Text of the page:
I recently discovered another “cherished illusion,” as Jim Finley calls them, namely that I grow and change through my own initiative and on my own schedule. This is simply not true. We’re not so different from the rest of creation. We can no more decide to enter a new phase of life before we’re ready than a tree can decide to drop its leaves in spring.
If a six-year-old informed us that she was going to learn to drive or do calculus or carry a thirty-pound rock, we wouldn’t expect it to happen. Yet when we become adults, we think that we should be able to will ourselves to be whoever we want however and whenever we wish.
Just as shorter days mean less sunlight and therefore less green chlorophyll to hide the stunning reds and yellows always present but not visible in the trees’ leaves, we change in response to events in our lives, most of which are beyond our control. The big difference between us and the trees is that we often have different plans. Maybe we want to be green all the time or, come August, are impatient to display our more showy selves.
Though what’s happening doesn’t originate with us, we can choose whether to resist or participate. If you’re like me, there’s a fair amount of push back going on. At the heart of my resistance is a lack of trust in the cosmic becoming in which we all play a part.
Let’s be clear, there are a lot of reasons to mistrust: black holes, dying starts, war, famine. But let’s be equally clear that my cosmic plan doesn’t extend much past dinner, so just maybe the Creator of the universe has something going on that I don’t fully understand, something bigger than me and my preferences, and maybe, in ways we can live but not grasp, it is a “plan for [our] welfare, not for woe” (Jeremiah 29:11).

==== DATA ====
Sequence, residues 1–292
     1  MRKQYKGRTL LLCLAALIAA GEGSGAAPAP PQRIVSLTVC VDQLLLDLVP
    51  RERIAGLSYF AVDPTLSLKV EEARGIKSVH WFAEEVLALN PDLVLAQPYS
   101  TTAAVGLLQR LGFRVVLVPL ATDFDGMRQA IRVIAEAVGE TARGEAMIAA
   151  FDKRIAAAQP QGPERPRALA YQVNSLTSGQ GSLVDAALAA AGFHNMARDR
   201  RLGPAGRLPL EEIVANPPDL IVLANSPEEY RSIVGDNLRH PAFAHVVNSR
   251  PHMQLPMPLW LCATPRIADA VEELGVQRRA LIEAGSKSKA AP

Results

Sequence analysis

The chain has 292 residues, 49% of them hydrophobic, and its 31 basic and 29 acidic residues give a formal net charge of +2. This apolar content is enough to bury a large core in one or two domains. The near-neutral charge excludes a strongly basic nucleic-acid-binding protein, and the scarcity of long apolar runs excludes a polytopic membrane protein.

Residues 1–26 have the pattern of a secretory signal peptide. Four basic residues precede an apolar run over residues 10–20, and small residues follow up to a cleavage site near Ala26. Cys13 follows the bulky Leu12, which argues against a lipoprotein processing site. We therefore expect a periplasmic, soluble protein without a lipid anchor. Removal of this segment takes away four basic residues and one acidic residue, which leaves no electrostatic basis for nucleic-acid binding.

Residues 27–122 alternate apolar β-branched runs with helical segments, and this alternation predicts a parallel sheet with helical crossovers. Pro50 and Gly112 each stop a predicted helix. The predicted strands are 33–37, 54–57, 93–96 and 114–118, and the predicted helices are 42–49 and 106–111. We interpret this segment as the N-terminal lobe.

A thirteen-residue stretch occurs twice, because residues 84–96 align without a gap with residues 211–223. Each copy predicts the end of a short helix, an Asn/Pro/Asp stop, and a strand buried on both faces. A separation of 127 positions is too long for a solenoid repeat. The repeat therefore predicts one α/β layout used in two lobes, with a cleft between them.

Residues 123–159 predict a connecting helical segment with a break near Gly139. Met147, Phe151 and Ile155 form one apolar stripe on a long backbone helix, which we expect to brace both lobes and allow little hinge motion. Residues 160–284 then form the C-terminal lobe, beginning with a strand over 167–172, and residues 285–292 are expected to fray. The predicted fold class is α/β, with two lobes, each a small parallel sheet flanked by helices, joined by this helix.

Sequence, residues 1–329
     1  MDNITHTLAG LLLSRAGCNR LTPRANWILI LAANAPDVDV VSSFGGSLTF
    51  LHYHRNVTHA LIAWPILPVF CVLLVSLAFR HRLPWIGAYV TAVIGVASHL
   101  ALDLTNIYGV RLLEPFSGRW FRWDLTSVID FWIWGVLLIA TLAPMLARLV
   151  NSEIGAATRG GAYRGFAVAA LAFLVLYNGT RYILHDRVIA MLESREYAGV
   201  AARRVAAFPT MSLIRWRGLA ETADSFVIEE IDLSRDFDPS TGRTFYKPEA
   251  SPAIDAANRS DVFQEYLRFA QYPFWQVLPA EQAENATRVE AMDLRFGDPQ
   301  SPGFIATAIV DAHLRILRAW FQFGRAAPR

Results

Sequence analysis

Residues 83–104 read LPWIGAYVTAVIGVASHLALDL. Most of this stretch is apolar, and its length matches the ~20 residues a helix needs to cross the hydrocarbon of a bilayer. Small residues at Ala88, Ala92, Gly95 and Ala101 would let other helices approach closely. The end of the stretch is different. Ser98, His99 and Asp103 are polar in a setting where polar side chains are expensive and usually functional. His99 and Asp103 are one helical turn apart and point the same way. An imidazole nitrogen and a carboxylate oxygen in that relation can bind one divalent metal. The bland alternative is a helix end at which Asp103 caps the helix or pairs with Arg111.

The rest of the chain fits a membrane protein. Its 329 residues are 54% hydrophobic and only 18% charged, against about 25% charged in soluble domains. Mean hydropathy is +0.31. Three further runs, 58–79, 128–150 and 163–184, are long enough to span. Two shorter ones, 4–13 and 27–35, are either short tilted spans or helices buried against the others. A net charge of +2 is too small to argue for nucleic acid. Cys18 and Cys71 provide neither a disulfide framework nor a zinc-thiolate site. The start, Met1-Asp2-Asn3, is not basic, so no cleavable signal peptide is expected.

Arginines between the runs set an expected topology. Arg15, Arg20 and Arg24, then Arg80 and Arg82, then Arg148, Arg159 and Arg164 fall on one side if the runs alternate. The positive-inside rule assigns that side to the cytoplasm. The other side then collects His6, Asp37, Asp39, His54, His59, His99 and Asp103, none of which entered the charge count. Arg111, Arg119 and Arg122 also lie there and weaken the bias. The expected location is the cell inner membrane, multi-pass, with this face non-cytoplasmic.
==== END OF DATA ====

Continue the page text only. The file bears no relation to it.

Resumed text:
This transformation is happening, but it’s not being done to us. It is coming into being with, in, and through us. “The world becomes new, if one does not stand in the way,” my friend Bardwell says. Let’s practice not standing in the way.
2 thoughts on “Transformation Happens”
Practicing. Practicing. Practicing. “On ne voit bien qu’avec le coeur, l’essentiel est invisible pour les yeux.” Thank you.
A few thoughts in response to your thoughtful essay.
Jeremiah’s quote points to a universe that is benevolent rather than indifferent or capricious. For me, this is definitive of the faith that distinguishes atheism and theism.
Practicing “not standing in the way” seems tantamount to cultivating the recognition and acceptance of our transient, mortal circumstance. We have been programmed to live in a state of denial with respect to this it seems. As the Buddhists say, spiritual practice is akin to swimming upstream.
Interesting that you use the image of a tree dropping a leaf to illustrate the unpredictable path of human growth and change. Sunim has used this same image as a metaphor for grace, in a Buddhist context. He has talked about how though one may exert oneself diligently in spiritual practice, the flowering of such practice is a matter of “grace”. One patiently, persistently tills the ground of the mind, awaiting the appearance of insight, wisdom, realizations that are beyond our control to conjure and are essentially a gift.